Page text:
“ The brilliant sun is rising in the east.” How tame and spiritless is this line, compared with the manner in which the same idea is expressed by the poet, thus :

“But yonder comes the powerful King of Day,

Rejoicing in the east.” |

* Mr. Steele, in his “ Prosodia Rationalis," has rescued the Bard of Avon from this inconsistent metaphor, by the suggestion, that it was originally written, “ To take arms against assail of troubles."

f This extract, from Thomson's Seasons, operates as a temptation, that cannot be resisted, to present another from the same page, which, as a pic ture, remarkable alike for beauty of coloring, dignity of appearance, and sublimity of conception, is scarcely equalled in any other language. That

There are three different degrees of this figure, says Dr. Blair, which it is requisite to distinguish in order to determine the propriety of its use.

The first is, when some of the properties of living creatures are ascribed to inanimate objects; the second, when these inanimate objects are described as acting like such as have life; and the third, when they are ex. hibited as speaking to us, or as listening.

The first and lowest degree of this figure, which consists in ascribing to inanimate objects some of the qualities of living creatures, raises the style so little, that the humblest discourse admits it without any force. Thus, a raging storm, a deceitful disease, a cruel disaster - are familiar expressions. This, indeed, is so obscure a degree of personification, that it might, perhaps, be properly classed with simple metaphors, which almost escape our observation.

The second degree of this figure is, when we represent inanimate objects as acting like those that have life. Here we rise a step higher, and the personification becomes sensible. According to the nature of the action which we ascribe to those inanimate objects, and to the particularity with which we describe it, is the strength of the figure. When pursued to a considerable length, it belongs only to studied harangues; when slightly touched, it may be admitted into less elevated compositions.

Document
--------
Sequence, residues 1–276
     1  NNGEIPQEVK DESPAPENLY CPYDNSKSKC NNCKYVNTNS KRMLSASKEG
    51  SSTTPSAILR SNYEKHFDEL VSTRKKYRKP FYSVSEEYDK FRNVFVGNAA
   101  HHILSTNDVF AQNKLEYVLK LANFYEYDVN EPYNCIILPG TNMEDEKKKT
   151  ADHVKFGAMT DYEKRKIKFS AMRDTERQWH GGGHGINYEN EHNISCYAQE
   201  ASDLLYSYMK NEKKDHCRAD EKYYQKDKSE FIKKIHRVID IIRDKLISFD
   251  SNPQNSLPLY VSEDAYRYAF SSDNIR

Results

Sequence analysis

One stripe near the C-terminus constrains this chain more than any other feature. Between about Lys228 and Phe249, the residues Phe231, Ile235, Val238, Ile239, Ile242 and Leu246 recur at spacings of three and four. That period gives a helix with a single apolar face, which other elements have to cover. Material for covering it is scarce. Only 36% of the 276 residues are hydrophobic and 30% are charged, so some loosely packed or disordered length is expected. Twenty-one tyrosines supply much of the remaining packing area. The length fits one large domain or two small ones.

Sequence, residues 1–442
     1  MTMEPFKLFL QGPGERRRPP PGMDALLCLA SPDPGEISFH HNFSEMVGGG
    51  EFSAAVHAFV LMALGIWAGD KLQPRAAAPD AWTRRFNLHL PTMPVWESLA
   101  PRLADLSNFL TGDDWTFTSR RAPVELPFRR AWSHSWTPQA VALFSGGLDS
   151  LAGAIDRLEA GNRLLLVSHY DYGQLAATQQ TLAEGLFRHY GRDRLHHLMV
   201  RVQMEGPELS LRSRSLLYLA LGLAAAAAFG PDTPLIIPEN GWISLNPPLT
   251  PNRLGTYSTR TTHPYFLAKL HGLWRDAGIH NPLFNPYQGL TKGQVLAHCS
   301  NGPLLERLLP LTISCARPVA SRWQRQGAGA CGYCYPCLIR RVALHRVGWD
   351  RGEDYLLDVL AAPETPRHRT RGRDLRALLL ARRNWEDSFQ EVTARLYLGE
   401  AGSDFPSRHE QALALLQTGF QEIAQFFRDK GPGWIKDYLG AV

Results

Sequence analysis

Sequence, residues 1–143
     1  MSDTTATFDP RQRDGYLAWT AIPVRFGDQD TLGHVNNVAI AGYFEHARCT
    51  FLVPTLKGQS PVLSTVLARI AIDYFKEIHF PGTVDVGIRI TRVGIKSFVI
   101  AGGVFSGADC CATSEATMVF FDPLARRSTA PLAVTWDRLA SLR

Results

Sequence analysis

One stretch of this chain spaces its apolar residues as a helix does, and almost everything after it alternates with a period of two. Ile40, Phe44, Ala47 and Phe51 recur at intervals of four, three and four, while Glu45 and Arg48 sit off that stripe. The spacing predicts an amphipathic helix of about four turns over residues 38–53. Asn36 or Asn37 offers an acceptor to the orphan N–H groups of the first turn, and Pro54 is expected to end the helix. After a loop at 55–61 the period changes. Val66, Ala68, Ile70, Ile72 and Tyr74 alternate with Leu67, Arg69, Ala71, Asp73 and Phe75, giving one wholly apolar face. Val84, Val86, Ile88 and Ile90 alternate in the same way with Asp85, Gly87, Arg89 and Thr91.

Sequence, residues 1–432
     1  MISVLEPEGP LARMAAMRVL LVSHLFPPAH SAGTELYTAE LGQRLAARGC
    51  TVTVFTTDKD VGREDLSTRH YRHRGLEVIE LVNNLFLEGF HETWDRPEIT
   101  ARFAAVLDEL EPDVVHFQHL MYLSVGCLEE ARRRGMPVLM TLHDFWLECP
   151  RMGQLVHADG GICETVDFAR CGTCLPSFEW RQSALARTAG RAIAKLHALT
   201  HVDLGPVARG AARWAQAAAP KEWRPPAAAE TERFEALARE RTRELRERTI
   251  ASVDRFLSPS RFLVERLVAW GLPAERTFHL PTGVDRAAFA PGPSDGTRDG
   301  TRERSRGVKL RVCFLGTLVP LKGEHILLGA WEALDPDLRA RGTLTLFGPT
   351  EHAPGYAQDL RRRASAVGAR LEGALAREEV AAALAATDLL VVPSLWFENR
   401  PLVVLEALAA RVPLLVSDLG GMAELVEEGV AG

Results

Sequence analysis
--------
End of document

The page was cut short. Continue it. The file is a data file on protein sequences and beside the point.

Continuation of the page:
the student may duly appreciate the skill of the poet, and the magnificence of the design, it is first presented in plain language :

“Every thing that grows depends on the light and heat of the sun, as it is passing along the ecliptic. All mankind depend upon it for their daily subsistence. The seasons, the hours, the wind and the rain, the dew and the storm, influenced as they are by the sun, are instrumental in producing herbs, fruits, and flowers, during the whole year."

From such a tame and lifeless recital, the poet has formed the following magnificent picture, which he holds up to the sun, under the pamo (see Onomatopoeia) of " Parent of Seasons :

“ The vegetable world is also thine
Parent of Seasons! who the pomp precede,
That waits thy throne, as throngh thy vast domain,
Annual, along the bright ecliptic road,
In world-rejoicing state, it moves sublime.
Meantime the expecting nations, circled gay,
With all the various tribes of foodful earth,
Implore thy bounty, or send grateful up
A common hymn; while, round thy beaming car,
High seen, the Seasons lead, in sprightly dance
Harmonious knit, the rosy-fingered Hours,
The Zephyrs floating loose, the timely Rains,
Of bloom ethereal, the light-footed Dews,
And, softened into joy, the surly Storms.
These, in successive turn, with lavish hand,
Shower every beauty, every fragrance shower,
Herbs, flowers, and fruits; till, kindling at thy touch,
From land to land is flushed the vernal year.”


“The offended Law draws the sword from its scabbard, in vengeance against the murderer.”

Here the law is beautifully personified, as reaching forth its hand te give us a sword for putting a murderer to death.